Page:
MN: Zimbabwe’s tourism sector is government-led and private sector driven. The ministry and the private sector already have synergies to promote the country through bilateral agreements signed with other countries in the region and abroad. The ministry is currently implementing memoranda of understanding on cooperation in the field of tourism with South Africa, Zambia, Malawi, Rwanda and the Democratic Republic of Congo. These provide the public and private sectors the opportunity to jointly market and promote destinations, exchange of programmes for professional in the sector and joint collaboration of private sector associations. Government also supports private sector participation at international travel fairs through subsidising participation fees of operators. The ministry through the Zimbabwe Tourism Authority (ZTA), jointly with the private sector, participates annually at fairs such as World Travel Market in London, International Travel Bourse in Berlin, Germany and Indaba Travel Fair in Durban, South Africa. 

FM: What else is the government doing?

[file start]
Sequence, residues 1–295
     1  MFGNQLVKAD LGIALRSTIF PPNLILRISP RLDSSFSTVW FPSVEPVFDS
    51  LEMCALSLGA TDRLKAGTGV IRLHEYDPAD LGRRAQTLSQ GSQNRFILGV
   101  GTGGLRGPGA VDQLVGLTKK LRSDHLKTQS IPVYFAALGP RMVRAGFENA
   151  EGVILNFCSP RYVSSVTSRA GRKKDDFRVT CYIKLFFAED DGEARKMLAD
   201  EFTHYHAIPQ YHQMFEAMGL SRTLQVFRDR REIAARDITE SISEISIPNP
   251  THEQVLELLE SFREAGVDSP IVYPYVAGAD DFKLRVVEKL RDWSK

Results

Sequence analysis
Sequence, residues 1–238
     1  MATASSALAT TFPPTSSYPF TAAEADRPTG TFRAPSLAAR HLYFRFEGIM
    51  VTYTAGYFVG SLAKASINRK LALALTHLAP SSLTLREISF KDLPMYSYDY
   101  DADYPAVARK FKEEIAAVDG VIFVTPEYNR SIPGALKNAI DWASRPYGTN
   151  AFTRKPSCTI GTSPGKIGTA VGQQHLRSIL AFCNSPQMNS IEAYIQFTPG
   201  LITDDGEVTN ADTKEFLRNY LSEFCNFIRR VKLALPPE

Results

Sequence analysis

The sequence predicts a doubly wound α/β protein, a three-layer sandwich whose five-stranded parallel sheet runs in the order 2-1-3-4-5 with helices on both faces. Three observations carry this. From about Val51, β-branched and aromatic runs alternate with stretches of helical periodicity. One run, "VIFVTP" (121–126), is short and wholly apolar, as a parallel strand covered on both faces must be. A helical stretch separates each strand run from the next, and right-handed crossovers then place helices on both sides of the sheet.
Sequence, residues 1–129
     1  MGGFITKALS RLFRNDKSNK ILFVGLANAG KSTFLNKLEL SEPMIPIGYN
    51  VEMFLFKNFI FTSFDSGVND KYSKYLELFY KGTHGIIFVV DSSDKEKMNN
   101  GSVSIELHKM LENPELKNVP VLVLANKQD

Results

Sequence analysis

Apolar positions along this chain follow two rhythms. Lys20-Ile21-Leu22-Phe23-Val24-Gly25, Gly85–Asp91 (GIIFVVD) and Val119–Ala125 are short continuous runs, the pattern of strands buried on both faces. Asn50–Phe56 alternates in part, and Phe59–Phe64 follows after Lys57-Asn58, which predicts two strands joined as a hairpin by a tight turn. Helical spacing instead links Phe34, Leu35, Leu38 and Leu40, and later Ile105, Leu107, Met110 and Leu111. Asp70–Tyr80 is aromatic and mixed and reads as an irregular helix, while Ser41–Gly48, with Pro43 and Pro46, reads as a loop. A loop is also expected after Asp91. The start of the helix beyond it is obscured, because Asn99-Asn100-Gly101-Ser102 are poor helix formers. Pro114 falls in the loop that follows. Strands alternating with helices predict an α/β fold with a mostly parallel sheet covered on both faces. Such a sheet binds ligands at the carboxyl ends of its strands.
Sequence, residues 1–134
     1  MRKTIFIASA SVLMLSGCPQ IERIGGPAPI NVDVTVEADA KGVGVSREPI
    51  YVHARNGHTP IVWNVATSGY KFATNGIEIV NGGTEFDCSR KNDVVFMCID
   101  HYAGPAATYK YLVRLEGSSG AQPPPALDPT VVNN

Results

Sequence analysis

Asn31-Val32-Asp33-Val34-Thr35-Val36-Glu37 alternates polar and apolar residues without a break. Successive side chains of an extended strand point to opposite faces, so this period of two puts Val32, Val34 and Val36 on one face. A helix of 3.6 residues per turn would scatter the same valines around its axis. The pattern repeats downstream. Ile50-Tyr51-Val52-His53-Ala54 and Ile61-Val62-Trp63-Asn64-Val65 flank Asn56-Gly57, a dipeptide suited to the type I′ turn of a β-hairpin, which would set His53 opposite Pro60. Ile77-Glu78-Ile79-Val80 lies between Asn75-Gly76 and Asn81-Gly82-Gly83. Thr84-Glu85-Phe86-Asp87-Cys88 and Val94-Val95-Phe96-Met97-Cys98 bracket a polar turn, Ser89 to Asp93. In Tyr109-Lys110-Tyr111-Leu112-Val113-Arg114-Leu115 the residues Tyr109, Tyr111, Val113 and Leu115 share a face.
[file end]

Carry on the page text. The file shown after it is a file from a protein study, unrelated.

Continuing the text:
MN: Over and above the synergies, the ministry is establishing market presence in the country’s key tourism source markets. Two tourism attachés were deployed in August and September 2022 to China and the United Arab Emirates. An additional nine tourism attachés were recently appointed and are expected to be deployed in the first quarter of 2023 to Germany, France, the United Kingdom, the United States of America, India, South Africa, China and Japan. Physical presence in key source markets and the joint synergies with the private sector will aid government in promoting the destination internationally, attracting more tourists to the country.

FM: Tell us about financial support to the industry.

MN: The government of Zimbabwe has put in place several incentives to help the tourism sector. These include duty rebates on capital equipment for use in tourism development zones.  We also have SI 10 of 2022, which spells out rebate on duty for safari vehicles and tour buses and SI 279 of 2019, which spells out rebates in respect of new capital equipment for expansion, modernisation and renovation of hotels and restaurants within hotels.

The funding also supports boat equipment imports, among others. There are also tax breaks in tourism development zones and tax exemptions for investments into the Victoria Falls tourism special economic zone. 

FM: What are the developments on the electricity front, with regards to tourism?